Beginner CA Glue Problems and Solutions Explained Here - Part I

cyanoacrylate glue

Originally, CA glues were meant to be used in small amounts. Cyanoacrylate glues actually and perceivably perform better when less are applied. When less glue is used, the instant adhesive dries faster, allowing it to reach its full bonding strength sooner.

Before blaming the adhesive, there are 3 instances when CA glues seem to have poor performance:

Is Your Glue Drying Slow?

The normal suggested drying time of CA glues (i.e. the dry time of Thin CA glue is 2-3 seconds) are based on 1 drop per square inch applications. When filling cracks, cavities, gaps, and voids with CA glue, larger volumes of adhesive may be required to fill the empty space. larger volumes of CA glue may be used to fill the empty space. In such case, it can take minutes to hours for the cyanoacrylate glue to fully dry.

Are the Surfaces Not Bonding?

Clean the surface contaminants. Dirt and oils may have unexpected reactions with the glue — at times, resulting in a white residue on the surface or a weaker bond integrity.

When the surface to be bonded is very hard or smooth, it will require more time and effort for the ca glue to bond. The technical reason for this is that hard, smooth surfaces have "low surface energy". In contrast, surfaces that are soft and porous require less time and effort for the ca glue to bond. This is because these types of surfaces have "high surface energy". Here's how I make sense of this. Imagine two puddles of water: one on a marble floor and another on a concrete floor. The water will evaporate faster off of a concrete floor than a nicely polished marble floor.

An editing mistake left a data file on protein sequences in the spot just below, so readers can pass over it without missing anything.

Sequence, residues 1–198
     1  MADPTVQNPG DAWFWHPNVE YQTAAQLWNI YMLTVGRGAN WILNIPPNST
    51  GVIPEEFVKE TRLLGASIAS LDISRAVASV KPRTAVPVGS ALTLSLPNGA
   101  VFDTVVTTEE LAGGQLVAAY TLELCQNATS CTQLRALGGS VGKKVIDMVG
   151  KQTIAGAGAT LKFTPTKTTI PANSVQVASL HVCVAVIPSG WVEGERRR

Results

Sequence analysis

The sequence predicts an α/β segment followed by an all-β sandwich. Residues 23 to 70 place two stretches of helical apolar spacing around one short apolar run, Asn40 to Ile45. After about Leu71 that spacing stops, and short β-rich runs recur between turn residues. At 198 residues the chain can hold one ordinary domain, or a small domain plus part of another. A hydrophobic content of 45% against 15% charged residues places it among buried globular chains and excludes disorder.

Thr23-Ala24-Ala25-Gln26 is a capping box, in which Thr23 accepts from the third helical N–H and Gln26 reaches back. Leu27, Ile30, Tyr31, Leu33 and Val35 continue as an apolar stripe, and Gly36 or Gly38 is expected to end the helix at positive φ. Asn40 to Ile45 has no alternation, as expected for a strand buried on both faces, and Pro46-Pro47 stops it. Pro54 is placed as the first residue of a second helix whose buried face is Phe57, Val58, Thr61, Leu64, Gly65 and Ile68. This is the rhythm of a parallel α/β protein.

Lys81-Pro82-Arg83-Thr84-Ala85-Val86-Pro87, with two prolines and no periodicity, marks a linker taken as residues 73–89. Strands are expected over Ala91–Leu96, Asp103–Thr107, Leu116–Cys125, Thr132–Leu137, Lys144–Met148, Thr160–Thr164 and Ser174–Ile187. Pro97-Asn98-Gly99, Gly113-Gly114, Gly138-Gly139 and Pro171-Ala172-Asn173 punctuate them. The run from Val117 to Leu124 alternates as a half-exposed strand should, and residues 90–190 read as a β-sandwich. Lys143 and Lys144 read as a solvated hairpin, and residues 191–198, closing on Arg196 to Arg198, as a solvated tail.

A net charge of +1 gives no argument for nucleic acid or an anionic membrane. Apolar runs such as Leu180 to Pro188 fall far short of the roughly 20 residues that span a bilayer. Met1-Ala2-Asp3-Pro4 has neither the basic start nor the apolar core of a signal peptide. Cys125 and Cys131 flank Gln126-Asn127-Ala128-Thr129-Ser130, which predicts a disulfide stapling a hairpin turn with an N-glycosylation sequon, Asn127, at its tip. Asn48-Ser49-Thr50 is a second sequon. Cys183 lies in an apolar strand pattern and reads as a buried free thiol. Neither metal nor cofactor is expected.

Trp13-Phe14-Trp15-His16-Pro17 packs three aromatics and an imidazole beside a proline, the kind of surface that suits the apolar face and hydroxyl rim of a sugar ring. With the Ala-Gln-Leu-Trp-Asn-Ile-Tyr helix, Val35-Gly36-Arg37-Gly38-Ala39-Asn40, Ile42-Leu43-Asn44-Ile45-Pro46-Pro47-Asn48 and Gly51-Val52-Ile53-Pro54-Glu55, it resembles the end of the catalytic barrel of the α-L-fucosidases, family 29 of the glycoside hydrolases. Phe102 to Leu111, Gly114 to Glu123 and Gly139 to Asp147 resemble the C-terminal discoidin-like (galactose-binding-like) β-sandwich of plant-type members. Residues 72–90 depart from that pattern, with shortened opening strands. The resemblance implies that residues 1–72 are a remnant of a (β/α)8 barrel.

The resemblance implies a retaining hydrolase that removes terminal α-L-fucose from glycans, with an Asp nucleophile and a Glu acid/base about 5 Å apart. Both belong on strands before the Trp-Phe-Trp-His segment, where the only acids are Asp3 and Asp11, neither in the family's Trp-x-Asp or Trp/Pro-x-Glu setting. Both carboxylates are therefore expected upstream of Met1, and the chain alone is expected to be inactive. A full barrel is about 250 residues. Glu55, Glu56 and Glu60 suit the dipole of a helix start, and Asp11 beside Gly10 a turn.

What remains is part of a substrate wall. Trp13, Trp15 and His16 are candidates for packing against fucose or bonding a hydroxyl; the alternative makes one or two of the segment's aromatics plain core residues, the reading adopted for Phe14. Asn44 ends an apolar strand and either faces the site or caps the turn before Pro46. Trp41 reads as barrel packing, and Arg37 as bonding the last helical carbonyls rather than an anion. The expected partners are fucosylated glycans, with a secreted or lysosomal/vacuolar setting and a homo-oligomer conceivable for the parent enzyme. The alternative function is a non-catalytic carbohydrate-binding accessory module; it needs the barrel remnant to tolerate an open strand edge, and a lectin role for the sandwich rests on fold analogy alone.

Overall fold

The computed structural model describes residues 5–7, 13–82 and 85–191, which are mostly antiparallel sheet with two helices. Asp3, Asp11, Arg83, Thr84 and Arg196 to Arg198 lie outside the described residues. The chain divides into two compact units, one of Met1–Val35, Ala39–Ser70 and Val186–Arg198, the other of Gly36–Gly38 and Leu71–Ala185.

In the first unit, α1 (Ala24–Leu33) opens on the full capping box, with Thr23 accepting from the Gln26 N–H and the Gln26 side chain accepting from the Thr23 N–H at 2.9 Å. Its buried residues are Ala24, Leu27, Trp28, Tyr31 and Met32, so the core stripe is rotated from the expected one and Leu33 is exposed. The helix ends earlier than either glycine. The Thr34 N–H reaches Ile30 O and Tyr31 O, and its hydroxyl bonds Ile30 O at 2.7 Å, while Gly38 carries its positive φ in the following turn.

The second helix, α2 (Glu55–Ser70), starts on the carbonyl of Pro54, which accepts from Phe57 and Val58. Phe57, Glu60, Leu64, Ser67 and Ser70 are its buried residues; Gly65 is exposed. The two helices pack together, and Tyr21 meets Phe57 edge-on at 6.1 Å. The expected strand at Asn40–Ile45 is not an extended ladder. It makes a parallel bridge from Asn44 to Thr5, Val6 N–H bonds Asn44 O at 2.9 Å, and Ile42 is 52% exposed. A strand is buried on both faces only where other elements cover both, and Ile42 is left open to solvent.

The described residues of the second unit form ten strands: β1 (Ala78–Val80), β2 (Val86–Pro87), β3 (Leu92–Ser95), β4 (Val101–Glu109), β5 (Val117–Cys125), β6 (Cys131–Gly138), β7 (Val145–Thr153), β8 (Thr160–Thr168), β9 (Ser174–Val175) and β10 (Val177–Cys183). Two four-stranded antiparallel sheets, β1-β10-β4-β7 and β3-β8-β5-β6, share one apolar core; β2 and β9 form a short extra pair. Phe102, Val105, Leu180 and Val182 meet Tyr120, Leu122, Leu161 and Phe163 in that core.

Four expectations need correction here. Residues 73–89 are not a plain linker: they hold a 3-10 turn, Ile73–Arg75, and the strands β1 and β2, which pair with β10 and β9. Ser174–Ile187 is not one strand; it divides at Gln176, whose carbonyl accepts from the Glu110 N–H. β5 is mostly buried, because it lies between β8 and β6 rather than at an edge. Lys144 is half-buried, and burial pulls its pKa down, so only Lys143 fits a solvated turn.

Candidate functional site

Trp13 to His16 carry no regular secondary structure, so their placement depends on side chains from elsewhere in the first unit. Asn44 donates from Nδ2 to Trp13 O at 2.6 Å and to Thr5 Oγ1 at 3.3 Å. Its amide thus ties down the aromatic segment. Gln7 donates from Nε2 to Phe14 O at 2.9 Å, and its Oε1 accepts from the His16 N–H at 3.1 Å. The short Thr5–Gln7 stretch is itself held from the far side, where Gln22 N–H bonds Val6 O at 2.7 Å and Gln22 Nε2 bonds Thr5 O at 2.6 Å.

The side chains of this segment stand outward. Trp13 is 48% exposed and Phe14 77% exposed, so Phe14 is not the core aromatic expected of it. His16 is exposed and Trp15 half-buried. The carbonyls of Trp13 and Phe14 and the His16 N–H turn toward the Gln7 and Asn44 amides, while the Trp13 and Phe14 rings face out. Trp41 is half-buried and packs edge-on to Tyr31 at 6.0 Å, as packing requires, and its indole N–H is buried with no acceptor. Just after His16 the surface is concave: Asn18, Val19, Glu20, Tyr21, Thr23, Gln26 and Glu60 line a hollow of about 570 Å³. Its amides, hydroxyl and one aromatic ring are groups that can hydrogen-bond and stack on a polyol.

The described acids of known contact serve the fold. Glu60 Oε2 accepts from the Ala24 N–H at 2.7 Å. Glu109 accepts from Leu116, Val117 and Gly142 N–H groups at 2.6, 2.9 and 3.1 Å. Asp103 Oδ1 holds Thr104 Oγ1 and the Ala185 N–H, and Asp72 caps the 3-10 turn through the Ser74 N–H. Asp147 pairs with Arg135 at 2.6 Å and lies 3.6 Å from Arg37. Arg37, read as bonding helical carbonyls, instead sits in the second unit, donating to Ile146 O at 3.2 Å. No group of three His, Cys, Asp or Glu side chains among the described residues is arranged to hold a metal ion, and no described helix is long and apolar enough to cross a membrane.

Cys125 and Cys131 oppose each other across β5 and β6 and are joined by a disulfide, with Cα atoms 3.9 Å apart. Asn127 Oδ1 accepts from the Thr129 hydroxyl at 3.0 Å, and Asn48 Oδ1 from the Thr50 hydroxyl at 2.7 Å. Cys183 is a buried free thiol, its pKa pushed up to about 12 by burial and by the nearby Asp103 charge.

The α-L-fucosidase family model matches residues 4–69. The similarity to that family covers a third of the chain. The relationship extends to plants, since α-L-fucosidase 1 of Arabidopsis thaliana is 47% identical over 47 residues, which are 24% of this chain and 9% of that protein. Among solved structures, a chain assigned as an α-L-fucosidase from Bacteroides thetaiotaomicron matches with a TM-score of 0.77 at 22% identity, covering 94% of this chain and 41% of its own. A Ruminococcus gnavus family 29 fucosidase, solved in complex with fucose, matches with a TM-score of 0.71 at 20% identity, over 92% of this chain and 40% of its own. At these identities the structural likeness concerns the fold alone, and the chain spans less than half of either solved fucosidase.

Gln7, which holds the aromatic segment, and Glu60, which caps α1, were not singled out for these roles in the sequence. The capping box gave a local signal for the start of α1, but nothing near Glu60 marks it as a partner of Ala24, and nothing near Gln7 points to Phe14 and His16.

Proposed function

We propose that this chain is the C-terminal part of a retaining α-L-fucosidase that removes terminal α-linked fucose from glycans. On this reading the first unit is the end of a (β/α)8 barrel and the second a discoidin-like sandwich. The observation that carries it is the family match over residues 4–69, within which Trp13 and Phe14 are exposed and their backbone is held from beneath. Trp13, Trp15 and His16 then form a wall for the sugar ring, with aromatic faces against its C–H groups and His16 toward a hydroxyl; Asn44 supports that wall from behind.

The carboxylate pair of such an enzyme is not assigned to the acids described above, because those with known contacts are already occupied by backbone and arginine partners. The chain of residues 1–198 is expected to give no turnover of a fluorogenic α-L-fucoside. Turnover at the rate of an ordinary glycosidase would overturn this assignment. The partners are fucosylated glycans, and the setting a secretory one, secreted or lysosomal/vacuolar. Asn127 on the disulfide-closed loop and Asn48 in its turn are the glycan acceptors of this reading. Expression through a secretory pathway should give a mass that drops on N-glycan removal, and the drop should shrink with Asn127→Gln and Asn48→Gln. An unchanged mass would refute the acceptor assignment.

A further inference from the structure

Cold Temperature

In colder temperature, the drying time of CA glues will be significantly delayed. Keep this in mind during the colder seasons. In addition, if you store your glues in a refrigerator or a freezer (which is highly recommended to prolong the shelf life of CA glues), let the glue warm up to room temperature before using.

Bonus Tip: At times, the cold temperature is something you can use to your advantage. If you plan to stabilize a deep cavity or a porous object with thin CA and want to ensure that the CA glue reaches the bottom before it sets up, use the glue straight out of the refrigerator or a freezer before it reaches room temperature. This should buy you some extra time.


Using a CA accelerator, also known as CA activator, works wonders in accelerating the drying time of the CA glue. Most accelerators contain acetone as its evaporating agent, so if you think it could be too harsh for the surface you're working on, it's recommended to spot test first. Not only does the Accelerator speed up the drying time of the glue, the acetone also works to prime the surface through the removal of contaminants. Typically, one brand of accelerator can be used on another brand of CA glue.